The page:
The melting process 

When we begin to bond with our inner child by validating and welcoming it, the frozen parts in us start to melt. It may take some time to open up to each other (both adult and child) after being separated for so long. As an adult you need to learn how to open your heart to what was once labelled ‘wrong’. Your inner child needs reassurance and encouragement to step out of his or her hiding place. But once the connection is restored it will feel as if something precious has returned to you, something natural and fluid, fitting you like a glove.

The qualities of the inner child

What are the gifts of our inner child that become available again once the ice of survival has melted? 

Here’s a few: trust, liveliness, innocence, curiosity, joy, boldness, clarity, wonder, lightness, purity, playfulness, openness… 

Qualities we recognize in young children (making them so adorable) but that we somehow seem to have left behind in the process of growing up. Qualities we long for and that long for us as well. In all of us there is a little boy or girl, representing these life-giving juices, waiting to be found, held and be part of you again.

Bonding with your inner child

Apart from all these good things that will flow back to you, the process of connecting with your inner child may be emotional and painful as well sometimes, especially in the beginning. Therefore I would recommend to grant yourself a counsellor or therapist to help you work through the difficult patches if you feel it may be a challenge for you. 

To help you on your way and offer you some insights and guidelines that may be helpful, I will describe the following four steps of the bonding process.

Step one: making contact

The first step in bonding is making contactwith your inner child.

You do this by simply visualizing yourself as a little boy or girl. The child may appear as a four or ten year old, all is fine. 

This may sound easy, but is not always the easiest part. You have been subconsciously suppressing his or her presence for so long that you may feel reluctant to actually meet your inner child. The same goes for the little boy or girl who may initially appear distant, sad, frozen or not at all! Don’t feel discouraged by this. Understand that it takes time to trust each other again. There may be grief over the things you didn’t receive in your childhood, simply give some room to these emotions. They will soon make place for the joy of meeting that beautiful small person.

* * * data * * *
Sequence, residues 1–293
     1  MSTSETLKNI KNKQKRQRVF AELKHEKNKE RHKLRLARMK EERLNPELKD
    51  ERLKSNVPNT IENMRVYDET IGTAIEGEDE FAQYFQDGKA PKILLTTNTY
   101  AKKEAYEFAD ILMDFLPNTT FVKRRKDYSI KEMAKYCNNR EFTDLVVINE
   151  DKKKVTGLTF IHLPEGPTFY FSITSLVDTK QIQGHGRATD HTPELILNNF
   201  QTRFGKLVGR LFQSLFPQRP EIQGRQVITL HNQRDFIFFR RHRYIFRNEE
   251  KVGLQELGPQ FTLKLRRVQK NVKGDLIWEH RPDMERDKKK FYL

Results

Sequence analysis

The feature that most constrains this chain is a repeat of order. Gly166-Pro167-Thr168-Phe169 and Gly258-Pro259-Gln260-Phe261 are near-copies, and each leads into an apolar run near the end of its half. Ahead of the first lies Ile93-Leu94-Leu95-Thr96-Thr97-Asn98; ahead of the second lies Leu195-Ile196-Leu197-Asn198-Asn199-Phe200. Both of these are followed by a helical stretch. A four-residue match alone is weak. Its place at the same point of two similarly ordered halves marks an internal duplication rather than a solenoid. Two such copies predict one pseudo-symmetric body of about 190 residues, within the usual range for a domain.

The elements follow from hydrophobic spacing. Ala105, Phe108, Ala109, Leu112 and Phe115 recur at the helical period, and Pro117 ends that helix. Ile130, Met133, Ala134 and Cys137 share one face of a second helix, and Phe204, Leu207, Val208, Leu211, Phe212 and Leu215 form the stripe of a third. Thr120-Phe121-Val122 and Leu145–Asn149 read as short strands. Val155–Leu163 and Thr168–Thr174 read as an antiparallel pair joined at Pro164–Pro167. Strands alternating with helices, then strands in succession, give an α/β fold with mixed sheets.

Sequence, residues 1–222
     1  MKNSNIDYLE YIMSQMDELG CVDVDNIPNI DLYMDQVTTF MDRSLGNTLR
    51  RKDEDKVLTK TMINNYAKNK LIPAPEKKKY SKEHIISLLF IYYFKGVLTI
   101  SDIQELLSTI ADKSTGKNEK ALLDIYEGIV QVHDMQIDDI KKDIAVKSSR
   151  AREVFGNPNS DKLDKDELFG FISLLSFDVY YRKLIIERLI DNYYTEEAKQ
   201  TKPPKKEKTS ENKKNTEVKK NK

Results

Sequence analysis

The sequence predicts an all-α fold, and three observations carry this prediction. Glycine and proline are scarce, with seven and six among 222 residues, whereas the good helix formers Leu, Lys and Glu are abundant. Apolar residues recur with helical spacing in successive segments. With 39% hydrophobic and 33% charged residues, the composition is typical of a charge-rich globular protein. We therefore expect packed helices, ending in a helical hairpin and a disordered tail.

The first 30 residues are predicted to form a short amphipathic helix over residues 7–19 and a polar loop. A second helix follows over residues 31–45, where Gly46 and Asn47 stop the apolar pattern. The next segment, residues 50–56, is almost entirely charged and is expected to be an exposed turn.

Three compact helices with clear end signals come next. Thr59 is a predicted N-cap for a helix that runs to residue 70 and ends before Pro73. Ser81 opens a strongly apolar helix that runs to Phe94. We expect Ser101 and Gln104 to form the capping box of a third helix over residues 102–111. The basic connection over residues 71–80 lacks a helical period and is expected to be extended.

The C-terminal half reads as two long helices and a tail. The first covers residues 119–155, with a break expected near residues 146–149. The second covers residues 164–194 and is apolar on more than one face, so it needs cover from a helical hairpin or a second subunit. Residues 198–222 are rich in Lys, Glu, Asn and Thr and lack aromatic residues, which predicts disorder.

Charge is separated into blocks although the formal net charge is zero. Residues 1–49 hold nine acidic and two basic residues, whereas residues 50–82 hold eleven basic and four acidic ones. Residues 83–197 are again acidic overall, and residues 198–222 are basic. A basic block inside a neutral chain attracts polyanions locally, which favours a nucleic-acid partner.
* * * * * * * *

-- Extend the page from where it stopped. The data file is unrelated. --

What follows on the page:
Step two: Establishing trust 

Sometimes the connection is there immediately, more often it takes time to establish trust. The little child deeply longs for your embrace and love but may need reassurance and validation before it will give itself. Connect to your inner child often, listening, validating its feelings and needs, loving it.

Step 3: Fully engage

Once there is enough trust, you are ready to fully open up to each other. Enjoy the qualities of your inner child, and keep tending to its needs to feel safe and welcome. Put it number one as often as you can. Give it a front seat in your heart, stay open for its playful energy. Enjoy the intimacy between you!

Step 4: Integrating these qualities in your adult life

Reclaiming these qualities as an adult is a beautiful process. 

Again, it is not about regression, about you suddenly acting as a little child expressing these natural gifts. Forget about visiting a playground doing childlike things, but embody your liveliness while being at work, enjoying the energy of it. The invitation is to allow these qualities to be part of your adult life, to bring wonder and curiosity in your days, to welcome joy and trust in your own heart and stop hindering yourself with critical remarks. 

Home in yourself

The process of bonding takes time. Perhaps a few weeks, a few months or even years. It doesn’t matter, just enjoy the ride!

A totally integrated inner child is a child no more, its essence simply absorbed into the heart’s fabric, adding trust, ease and lightness to your inner felt sense, making you feel at home in yourself. 

Passé or not, I have found there is much to gain by melting these frozen parts and welcoming their energy in our lives again. 

In the end, life’s too short to not live it to the fullest.

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Esther TeuleEsther Teule is a meditation teacher and personal coach. Over years of practise Esther has developed her own style of meditation, based on inquiry and the practise of self love.